ICOs, common sense and the long reach of the law

I’m scratching my head here.

Most respondents to CoinDesk’s poll question “Who should be most fearful after the SEC’s DAO token sale ruling?” answered “Nobody, very unactionable”.

CoinDesk poll on SEC impact

This goes a long way to explaining the continued momentum of initial coin offerings (ICOs). A quick look at any of the ICO tracking sites shows no shortage of upcoming sales, many of which look to the naked eye very much like securities.

Are the respondents on to something? Or are they buying into the tragic “it’ll never happen to me” fallacy?

The thing is, they’re probably right. The SEC doesn’t have the resources to “go after” every digital token that acts like a security but didn’t register.

But, its moves can be swift and sharp. Today CoinDesk reported that the SEC has ordered the temporary suspension of trading in OTC-listed CIAO Group over questions about ICO-related claims.

Whether this is a one-off or the beginning of a slew of actions is unclear (the fact that CIAO is a listed company is no doubt a significant influence). However, the chance of a sanction or even an investigation should be enough to give pause. It’s a career-breaker. Even if the SEC ends up giving the green light after poking around, the stigma of having been singled out will be difficult to wash off.

What’s more, almost all digital token issuers are young startups with shallow pockets. An SEC fine would financially cripple the founders for years. Even just doing a simple risk analysis of [potential cost * probability] vs [potential benefit * probability] shows that, in many cases, ploughing ahead on the assumption that you’re immune is just not worth it.

The likely outcome is that the SEC, having issued a warning shot and seeing that the industry didn’t really take it seriously, swiftly moves to take action. We can probably expect further precedents to be set over the next few months as the regulator decides to make examples of some of the more egregious cases.

Meanwhile, lawyers will continue to speculate on what the rather vague wording of the SEC statement means, cryptoasset entrepreneurs will continue to build new economic models and investors will continue to dream of rapid riches with no consequences. All part of the evolution, right?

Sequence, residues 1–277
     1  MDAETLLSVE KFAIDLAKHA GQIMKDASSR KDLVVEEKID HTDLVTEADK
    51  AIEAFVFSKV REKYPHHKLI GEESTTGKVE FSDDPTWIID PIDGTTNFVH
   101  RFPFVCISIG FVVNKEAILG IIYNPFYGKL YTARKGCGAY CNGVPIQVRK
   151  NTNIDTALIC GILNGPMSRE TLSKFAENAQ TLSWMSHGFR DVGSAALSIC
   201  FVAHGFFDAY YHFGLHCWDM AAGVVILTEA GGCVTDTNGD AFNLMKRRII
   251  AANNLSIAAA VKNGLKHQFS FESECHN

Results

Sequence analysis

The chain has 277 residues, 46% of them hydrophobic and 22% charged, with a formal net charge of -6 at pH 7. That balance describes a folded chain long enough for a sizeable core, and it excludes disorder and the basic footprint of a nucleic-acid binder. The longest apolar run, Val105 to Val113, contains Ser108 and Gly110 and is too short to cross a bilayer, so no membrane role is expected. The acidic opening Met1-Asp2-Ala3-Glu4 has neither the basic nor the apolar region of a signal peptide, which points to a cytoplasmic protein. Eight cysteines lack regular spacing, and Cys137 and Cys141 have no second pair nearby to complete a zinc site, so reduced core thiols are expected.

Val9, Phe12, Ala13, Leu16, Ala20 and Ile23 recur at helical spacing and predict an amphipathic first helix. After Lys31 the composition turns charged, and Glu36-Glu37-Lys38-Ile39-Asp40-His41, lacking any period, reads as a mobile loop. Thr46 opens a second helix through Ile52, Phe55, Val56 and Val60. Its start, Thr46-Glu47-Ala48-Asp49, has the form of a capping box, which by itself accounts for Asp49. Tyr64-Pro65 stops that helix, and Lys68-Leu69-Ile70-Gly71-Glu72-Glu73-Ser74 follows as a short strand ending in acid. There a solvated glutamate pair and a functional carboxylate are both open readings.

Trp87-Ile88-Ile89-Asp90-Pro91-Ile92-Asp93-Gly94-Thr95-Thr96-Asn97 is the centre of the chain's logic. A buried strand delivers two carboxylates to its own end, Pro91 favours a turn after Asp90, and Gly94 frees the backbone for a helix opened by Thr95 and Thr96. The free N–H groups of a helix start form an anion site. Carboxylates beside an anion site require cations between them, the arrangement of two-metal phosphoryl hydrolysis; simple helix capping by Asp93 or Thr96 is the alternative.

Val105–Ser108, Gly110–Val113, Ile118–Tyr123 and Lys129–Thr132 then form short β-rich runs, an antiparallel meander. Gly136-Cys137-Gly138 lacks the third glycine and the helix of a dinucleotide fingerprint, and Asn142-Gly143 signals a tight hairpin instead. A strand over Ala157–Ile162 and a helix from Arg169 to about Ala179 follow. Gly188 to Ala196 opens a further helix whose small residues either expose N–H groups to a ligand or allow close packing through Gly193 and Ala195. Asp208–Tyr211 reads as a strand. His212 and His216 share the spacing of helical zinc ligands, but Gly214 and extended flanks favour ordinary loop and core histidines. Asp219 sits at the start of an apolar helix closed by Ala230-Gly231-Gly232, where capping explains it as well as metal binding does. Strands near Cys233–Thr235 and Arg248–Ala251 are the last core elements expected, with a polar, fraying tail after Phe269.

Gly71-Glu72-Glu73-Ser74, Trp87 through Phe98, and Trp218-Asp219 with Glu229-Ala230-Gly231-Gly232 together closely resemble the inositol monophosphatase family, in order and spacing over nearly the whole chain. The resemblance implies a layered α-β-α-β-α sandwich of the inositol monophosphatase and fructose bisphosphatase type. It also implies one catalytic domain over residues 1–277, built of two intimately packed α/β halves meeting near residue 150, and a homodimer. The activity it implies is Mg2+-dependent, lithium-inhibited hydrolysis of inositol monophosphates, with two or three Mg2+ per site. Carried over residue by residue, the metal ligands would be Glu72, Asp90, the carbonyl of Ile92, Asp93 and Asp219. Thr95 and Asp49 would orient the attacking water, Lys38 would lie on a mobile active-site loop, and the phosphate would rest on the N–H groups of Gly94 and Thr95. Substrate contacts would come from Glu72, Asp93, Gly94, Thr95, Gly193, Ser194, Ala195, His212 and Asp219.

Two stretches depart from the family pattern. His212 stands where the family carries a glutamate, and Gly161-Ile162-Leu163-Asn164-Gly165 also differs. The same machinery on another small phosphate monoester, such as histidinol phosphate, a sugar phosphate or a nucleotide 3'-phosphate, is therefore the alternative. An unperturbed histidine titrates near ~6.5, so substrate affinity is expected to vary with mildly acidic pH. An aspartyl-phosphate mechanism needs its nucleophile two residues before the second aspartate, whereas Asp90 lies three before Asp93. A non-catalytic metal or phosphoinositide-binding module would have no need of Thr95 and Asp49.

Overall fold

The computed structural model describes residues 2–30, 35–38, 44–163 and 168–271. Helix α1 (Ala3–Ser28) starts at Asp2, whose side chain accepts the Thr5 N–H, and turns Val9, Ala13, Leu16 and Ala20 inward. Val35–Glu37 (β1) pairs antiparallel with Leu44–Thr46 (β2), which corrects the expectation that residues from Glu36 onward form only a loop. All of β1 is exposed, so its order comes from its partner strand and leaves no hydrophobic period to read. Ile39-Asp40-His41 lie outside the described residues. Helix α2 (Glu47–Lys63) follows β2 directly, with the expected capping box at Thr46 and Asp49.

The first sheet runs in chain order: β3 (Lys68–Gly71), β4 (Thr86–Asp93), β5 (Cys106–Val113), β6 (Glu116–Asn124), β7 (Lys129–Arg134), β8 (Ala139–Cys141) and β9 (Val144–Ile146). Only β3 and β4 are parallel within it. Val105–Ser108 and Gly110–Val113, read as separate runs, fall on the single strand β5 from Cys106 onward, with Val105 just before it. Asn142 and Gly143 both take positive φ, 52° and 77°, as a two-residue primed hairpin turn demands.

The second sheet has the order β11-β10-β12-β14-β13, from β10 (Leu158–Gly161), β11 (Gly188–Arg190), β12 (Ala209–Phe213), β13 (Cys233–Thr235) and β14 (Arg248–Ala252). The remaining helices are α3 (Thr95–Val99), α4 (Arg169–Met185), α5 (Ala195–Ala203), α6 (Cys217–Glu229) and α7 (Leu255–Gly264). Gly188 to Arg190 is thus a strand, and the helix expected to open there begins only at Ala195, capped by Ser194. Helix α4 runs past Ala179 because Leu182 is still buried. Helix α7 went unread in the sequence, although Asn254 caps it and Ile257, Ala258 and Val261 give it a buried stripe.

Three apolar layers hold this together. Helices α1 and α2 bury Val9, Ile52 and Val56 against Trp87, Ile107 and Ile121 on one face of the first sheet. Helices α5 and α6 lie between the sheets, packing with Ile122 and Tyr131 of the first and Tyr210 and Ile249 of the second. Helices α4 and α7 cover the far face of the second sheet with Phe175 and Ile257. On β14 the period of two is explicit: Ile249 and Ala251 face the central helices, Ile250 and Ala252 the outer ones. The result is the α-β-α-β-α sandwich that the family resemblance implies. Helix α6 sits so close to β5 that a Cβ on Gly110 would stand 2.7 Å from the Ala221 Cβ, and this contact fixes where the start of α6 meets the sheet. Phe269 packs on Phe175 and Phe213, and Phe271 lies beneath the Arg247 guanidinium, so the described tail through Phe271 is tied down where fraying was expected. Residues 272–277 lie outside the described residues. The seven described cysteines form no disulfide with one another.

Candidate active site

Kik’s mixed signals on their ICO

Am I the only one that found this article alarming?

I wrote a while ago that the Kik initial coin offering (ICO) was interesting because it obviously wasn’t purely for financing purposes. I mean, they already have a lot of VC funding, and given their user base, would most likely be able to get more.

It seems I was wrong. From the TechCrunch article:

“When asked if the unicorn-valued startup had trouble raising additional funding, [CEO Ted Livingston] demurred but claimed that the ICO is an alternative form of exit.”

Uh oh.

mark wahlberg confused

I would like to point out that neither VC funding nor an ICO should be seen as an exit! Acquisition, sure. IPO, maybe. But minority investors don’t buy into a company so that current shareholders and/or the CEO can exit. The fact that they would even want to should send interested parties scuttling.

Especially in an ICO, whose tokens supposedly will only have value if the holders want to use them. Which they would want to do if the platform was to continue growing, right?

The uh-ohs keep coming.

“[Livingston] believes that the ICO will provide an adequate return for the existing investors, which would take pressure off a possible acquisition or an IPO.”

The CEO has pretty much declared that it’s a security.

And then there’s this quote:

“The way I think about ICOs is it’s very similar to the dot-com era. There was a bunch of excitement, people made a bunch of money, people lost a bunch of money but Amazon and Google came out of it.”

Relating ICOs to the dot-com crash and claiming that Amazon and Google would not have happened without it is… to put it kindly, very strange.

However, an article on CoinDesk yesterday quotes Livingston as saying (referring to the test run of non-blockchain based Kik Points):

“There were two things it was meant to test. One is, could digital currency be used to incentivize opt-in advertising? Two is, could we use a digital currency to build an economy? We were trying to test those two things at the same time. What we found it’s yes to both.”

Now, that sounds more like it.

On the surface, the idea makes sense (so far, anyway). Using a blockchain token means that the native currency can be bought and sold on digital currency exchanges, which was not the case with Kik points.

Kik has said on previous occasions that it aspires to being North America’s WeChat, referring to the Chinese messaging app on which users spend an average of four hours a day. But, WeChat doesn’t have a blockchain-based cryptocurrency, and manages to do just fine.

The CoinDesk article reminds us that other attempts to commoditize social media attention (including Facebook’s now-shuttered Credits) have not worked. However, Kin (as Kik’s currency will be called) will emerge in a very different paradigm, with digital tokens all the rage, and cryptocurrency technology advancing in giant leaps.

Yet this does not guarantee success, and the mixed messages aren’t going to help.

Is the ICO an ecosystem builder or is it a money grabber?

A bigger question is: is it possible to be both?